Palmieri, a shade smaller than Kidd at 6’3, is a robust presence on the Otters’ forward unit. With 215 pounds of muscle on his frame, the young Clinton, NY native has been able to combine physical play and a deft touch.

In 56 games, Palmieri scored 24 goals and 21 assists. Like Kidd, Sidorkiewicz explained, he’s good consistently, but not consistently good. "He’s a big kid. He doesn’t mind going to the net hard. He’s likes to get involved. He’s got a real good shot. He’s got a knack around the net," he said. "When he’s going on all cylinders he’s tough to handle. He’s got size, he skates well enough – when he starts going to the net he’s tough to handle.

"I think the biggest thing is what I see in most of the kids at this level – consistency. Some nights he’s very good and other nights he just drops off. He’s got to realize that he’s got to perform every night even in practice. That’s the biggest thing for him – day-in day-out performing at a high level."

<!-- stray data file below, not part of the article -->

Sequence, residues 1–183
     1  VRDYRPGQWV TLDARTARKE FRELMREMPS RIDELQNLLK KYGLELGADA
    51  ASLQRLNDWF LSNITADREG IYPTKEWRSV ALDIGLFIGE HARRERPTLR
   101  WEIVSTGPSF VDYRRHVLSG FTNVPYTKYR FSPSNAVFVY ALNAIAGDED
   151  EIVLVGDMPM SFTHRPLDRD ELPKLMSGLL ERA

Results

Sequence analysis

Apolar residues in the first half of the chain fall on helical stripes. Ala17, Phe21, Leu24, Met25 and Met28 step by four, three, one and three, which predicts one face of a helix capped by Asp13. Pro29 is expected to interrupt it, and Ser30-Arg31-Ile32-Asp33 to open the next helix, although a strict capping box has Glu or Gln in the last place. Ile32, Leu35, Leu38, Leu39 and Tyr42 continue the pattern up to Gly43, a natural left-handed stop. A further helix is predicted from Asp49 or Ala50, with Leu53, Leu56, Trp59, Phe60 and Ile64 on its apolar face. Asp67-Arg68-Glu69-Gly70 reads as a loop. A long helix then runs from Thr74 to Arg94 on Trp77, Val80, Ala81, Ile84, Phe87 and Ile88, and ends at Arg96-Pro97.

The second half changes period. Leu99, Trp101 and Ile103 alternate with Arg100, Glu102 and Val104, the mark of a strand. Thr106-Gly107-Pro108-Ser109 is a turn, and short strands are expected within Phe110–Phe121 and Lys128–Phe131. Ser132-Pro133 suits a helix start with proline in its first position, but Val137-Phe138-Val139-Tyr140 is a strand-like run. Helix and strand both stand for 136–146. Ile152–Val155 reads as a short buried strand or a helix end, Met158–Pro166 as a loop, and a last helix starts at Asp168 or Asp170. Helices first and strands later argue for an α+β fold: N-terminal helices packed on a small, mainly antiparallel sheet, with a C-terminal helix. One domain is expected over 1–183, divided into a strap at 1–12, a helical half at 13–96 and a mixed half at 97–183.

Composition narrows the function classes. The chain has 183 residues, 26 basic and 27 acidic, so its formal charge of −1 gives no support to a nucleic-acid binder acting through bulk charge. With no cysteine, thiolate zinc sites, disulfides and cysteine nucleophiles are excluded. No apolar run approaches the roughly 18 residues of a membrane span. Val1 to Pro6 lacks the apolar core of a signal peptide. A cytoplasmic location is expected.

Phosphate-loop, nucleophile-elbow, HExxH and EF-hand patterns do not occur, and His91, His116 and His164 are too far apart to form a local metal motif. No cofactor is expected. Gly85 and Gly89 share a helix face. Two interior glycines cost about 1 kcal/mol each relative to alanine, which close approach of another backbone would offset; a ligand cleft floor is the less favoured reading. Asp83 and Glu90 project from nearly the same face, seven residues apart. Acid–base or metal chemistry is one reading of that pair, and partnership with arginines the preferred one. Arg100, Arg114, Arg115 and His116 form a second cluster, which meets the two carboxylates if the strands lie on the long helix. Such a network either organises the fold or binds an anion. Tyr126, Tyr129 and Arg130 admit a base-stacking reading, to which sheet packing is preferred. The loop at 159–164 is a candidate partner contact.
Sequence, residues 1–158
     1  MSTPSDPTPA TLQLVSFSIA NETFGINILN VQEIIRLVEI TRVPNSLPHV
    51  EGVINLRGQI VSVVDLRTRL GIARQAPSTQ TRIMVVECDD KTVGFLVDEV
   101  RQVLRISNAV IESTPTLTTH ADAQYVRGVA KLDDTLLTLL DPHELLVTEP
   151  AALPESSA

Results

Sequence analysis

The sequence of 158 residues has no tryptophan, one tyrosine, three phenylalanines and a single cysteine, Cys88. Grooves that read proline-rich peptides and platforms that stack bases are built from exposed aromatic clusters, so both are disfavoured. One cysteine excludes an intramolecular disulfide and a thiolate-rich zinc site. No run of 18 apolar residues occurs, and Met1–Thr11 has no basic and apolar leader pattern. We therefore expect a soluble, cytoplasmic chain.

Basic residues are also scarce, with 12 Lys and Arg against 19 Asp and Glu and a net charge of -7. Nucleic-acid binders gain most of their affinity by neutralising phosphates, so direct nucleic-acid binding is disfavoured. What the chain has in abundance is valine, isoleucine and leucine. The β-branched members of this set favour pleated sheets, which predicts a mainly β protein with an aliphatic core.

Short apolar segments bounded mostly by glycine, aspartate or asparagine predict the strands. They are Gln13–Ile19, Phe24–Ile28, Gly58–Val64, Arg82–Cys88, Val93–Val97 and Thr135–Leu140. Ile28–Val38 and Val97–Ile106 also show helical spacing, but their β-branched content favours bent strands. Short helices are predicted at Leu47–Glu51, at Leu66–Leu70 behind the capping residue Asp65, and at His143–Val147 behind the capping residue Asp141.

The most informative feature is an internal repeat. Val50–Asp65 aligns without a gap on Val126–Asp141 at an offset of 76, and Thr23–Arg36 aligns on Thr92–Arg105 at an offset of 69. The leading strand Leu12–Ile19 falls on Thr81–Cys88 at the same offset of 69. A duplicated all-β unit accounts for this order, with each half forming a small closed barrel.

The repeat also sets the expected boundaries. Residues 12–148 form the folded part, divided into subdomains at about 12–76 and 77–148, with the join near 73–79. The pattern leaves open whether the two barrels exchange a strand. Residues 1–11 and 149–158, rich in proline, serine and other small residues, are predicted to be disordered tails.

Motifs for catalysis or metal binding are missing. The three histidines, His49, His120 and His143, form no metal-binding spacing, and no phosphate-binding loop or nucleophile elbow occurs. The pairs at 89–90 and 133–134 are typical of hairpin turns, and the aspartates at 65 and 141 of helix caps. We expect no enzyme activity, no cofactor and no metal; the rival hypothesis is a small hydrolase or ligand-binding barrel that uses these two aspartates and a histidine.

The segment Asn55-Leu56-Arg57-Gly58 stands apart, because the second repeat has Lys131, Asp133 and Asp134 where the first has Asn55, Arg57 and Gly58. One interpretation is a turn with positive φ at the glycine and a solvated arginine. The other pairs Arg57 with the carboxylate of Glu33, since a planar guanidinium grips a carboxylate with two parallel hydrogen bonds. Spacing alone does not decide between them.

The consistency issue is something that plagues Kidd and Palmieri. Sidorkiewicz suggests that this problem is widespread at the junior level.

"Some guys just aren’t prepared enough and some guys just don’t realize how important it is to practice at that high level. They think that I can just turn it on, or find that light switch," he said. "I’ve been around the game a long time and that just doesn’t happen. If you want to perform at your best you have to practice at your best. Sometimes these guys have a hard time realizing that, but he’s getting there."

However, Sidorkiewicz added that he feels the inconsistency issue may be compounded by geographic reasons in Palmieri’s case. "Nick’s an American kid. I’m sure he was head and shoulders above everyone else," he said. "He was one of the bigger kids, the most talented. He probably could do whatever he wanted at will and then all of the sudden you come to this level and it just doesn’t happen.